The “perfect” Cambodian woman


Kounila Keo, like many other Cambodian women, grew up thinking she would never be a proper lady in the eyes of society, because she laughed too loudly and walked too quickly. This well-known blogger was forced, both in primary and secondary school, to learn the Chbab Srey or Rules for Girls, a code of conduct explaining what society expects of women.

The Chbab Srey taught Kounila that women should serve their husbands and bow to their desires in a multitude of circumstances. “I agree with some (of these circumstances), but not all of them,” the blogger tells Equal Times.

“What I don’t agree with is when it says that men are gems and women are white cloth. This illustrates the discrimination against women and the pressure on them to be perfect, or almost perfect,” she explains.

In addition, the code of conduct, continues Kounila, urges women not to share “what happens in the domestic sphere” with other people, be it immediate family or third persons. Women, as the verse states, should be “quiet and polite”.


Rules for girls only

In Cambodia, many women, especially in the most conservative homes, typically continue to learn the Chbab Srey from their mothers, grandmothers or older sisters, which contributes to the rampant domestic violence in the Asian country.

The full version of the text, moreover, was part of the official school curriculum until the Ministry for Women’s Affairs called for its removal in 2007. The call led to the elimination of some but not all of the rules taught.

The remaining shorter version, taught to pupils in grades 7 to 9, includes quotes such as: “Happiness in the family comes from a woman”, or “a woman’s poor character results in others looking down upon her husband”. A report in the Cambodia Daily concluded that by teaching it in schools, the text continues to be strongly influential.

“Be respectful towards your husband. Serve him well and keep the flame of the relationship alive. Otherwise, it will burn you. Do not bring external problems into the home. Do not take internal problems out of the home,” instructs the Chbab Srey.

The text has led to unequal relations, with men dominating the public sphere and women continuing to be submissive. This is in spite of the increasing presence of women in the workforce, especially in the garment export industry, where they make up 80 to 85 per cent of all workers, according to the International Labour Organisation (ILO).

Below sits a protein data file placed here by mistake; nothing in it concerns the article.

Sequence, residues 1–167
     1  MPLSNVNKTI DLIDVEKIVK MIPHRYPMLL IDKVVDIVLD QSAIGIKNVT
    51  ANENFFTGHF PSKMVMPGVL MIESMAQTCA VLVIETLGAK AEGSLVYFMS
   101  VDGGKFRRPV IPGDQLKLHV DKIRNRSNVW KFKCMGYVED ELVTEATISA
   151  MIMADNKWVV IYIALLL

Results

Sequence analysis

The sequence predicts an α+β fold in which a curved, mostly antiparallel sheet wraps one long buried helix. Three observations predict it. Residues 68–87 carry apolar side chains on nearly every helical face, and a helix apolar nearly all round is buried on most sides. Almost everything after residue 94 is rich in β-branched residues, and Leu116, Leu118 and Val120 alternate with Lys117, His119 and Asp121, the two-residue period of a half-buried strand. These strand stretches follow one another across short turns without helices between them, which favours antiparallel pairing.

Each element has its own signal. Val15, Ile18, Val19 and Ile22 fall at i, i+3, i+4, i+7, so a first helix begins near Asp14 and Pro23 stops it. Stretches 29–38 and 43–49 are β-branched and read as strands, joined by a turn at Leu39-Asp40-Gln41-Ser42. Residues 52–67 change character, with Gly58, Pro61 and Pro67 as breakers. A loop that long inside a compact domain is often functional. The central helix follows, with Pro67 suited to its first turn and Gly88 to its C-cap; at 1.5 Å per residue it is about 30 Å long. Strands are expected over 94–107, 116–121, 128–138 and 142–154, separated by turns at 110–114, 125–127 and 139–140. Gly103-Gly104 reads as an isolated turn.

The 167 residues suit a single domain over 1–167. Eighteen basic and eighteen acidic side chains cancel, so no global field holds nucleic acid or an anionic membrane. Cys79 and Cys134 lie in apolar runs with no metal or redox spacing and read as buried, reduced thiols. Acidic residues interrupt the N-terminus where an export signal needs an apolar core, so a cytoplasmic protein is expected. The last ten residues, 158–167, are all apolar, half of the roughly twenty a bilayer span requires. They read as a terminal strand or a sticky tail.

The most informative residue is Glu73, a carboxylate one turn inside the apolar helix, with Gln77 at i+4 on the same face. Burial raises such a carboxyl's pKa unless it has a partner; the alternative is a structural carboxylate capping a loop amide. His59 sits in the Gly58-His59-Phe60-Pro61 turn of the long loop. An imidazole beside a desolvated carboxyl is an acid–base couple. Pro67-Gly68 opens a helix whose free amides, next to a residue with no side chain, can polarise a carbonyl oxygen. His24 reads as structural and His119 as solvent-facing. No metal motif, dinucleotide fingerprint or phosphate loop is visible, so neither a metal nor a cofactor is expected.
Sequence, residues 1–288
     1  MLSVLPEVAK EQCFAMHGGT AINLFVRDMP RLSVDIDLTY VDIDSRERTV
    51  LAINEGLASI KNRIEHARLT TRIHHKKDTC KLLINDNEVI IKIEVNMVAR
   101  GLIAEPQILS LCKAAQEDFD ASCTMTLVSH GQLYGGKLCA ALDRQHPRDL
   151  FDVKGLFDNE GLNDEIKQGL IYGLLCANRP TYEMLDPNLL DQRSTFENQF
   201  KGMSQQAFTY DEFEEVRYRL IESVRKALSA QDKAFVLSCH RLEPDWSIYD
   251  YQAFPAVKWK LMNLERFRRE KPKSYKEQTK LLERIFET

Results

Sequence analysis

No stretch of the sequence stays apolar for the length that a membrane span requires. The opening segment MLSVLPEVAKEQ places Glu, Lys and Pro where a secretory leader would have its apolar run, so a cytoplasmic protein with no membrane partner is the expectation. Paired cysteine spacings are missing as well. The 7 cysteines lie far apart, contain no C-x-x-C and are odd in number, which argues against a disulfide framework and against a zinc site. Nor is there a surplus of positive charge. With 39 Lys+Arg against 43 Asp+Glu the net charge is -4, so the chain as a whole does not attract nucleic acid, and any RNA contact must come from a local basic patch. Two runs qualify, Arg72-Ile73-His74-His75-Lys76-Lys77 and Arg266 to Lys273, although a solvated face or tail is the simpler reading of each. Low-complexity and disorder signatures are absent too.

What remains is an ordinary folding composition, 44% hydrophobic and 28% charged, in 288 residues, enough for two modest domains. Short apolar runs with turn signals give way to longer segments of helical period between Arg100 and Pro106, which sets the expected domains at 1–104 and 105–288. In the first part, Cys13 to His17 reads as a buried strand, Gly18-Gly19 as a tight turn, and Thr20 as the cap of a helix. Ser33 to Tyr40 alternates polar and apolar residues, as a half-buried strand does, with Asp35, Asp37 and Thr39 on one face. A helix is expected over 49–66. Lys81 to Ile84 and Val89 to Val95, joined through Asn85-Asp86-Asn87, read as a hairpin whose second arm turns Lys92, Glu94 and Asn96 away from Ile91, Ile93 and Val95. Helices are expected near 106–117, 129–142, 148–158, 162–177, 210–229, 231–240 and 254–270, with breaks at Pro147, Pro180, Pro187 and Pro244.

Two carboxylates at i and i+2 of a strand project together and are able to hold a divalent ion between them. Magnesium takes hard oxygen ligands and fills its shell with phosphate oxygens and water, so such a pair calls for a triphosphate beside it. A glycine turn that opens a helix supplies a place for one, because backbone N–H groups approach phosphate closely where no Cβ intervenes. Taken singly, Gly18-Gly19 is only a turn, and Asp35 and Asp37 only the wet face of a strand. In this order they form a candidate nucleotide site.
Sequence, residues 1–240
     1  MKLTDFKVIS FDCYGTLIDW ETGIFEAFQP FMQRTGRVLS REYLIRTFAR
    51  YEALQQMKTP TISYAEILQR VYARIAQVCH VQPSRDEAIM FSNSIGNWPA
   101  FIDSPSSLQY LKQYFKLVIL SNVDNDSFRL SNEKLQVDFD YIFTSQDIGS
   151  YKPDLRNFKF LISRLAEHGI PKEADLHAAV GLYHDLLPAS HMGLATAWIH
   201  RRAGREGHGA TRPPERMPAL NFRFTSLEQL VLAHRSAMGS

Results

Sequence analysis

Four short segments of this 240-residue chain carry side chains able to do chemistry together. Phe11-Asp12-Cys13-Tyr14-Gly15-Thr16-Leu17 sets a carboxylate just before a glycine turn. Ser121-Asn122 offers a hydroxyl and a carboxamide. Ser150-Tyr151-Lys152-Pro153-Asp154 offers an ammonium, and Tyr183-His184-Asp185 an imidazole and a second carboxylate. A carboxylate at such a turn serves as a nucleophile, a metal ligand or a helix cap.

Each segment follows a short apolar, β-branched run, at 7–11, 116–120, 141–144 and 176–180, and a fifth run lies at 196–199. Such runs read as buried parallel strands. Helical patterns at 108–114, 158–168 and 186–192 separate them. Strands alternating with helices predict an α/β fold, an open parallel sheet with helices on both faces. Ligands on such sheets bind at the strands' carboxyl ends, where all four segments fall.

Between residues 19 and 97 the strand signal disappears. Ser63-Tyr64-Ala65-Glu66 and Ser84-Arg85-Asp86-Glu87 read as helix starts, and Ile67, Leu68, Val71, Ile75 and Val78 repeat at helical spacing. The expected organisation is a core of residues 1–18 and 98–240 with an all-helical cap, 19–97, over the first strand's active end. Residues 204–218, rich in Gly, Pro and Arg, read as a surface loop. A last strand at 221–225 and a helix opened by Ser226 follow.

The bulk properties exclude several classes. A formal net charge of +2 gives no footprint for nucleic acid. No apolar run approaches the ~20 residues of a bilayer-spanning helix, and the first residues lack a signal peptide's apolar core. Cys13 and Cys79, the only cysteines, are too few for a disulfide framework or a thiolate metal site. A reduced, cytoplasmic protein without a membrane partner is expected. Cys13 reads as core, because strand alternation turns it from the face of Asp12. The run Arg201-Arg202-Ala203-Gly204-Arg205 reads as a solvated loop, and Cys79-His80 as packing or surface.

The only reliable data on gender violence in the country comes from statistics compiled with the support of the international community, explains Rodrigo Montero, an advisor with the German development cooperation agency (GIZ) at the Ministry of Women’s Affairs in Cambodia.

The most recent comes from a UN report on violence against women in Asia and the Pacific. The report reveals that 22 per cent of the women surveyed had experienced physical violence at the hands of a male partner, whilst only 16 per cent of the men recognised perpetrating this type of violence.

The dishonour and the tradition associated with this code of conduct is a blight enabling abuses to be perpetrated in a climate of impunity. According to the same report, 96.2 per cent of men and 98.5 per cent of women in Cambodia believe a woman should obey her husband, and 67 per cent of women said they should tolerate violence in order to keep their family together.

“Other forms of violence, such as psychological, emotional or economic abuse, have no legal implications in Cambodia and are practically impossible to trace,” says Montero.


Chbab Proh, the rules for men

There is a different code for men in Cambodia, the Chbab Proh, with much less stringent rules. “The text promotes leadership amongst men: be strong, organised, prepared, responsible, respectful towards teachers and elders, and take care of your family,” Mom Chantara Soleil, communications manager at the NGO Plan International, tells Equal Times.

Also, whilst the Chbab Srey says a lot about how a wife should behave towards her husband, her parents and elders, “the Chbab Proh barely makes any mention of the respect and honesty a husband owes his wife in return”, continues Soleil.

The teachers surveyed in the gender equality assessment made by the Cambodia Daily team in the province of Siem Reap, in 2014, responded that the Chbab Srey had no impact on their perception of gender equality. They did, however, agree with the rule maintaining that, “If girls are soft and slow, they are nice” and “they should learn everything in the house and be friendly”.

With regards boys, the same teachers underlined their leadership qualities.
In Kounila’s view, the Chbab Srey stifles women’s ability to pursue their own goals and aspirations in life. For her: “The gender discrimination in the country is generally a result of the cultural norms rather than any legal dictates.”


This article has been translated from Spanish.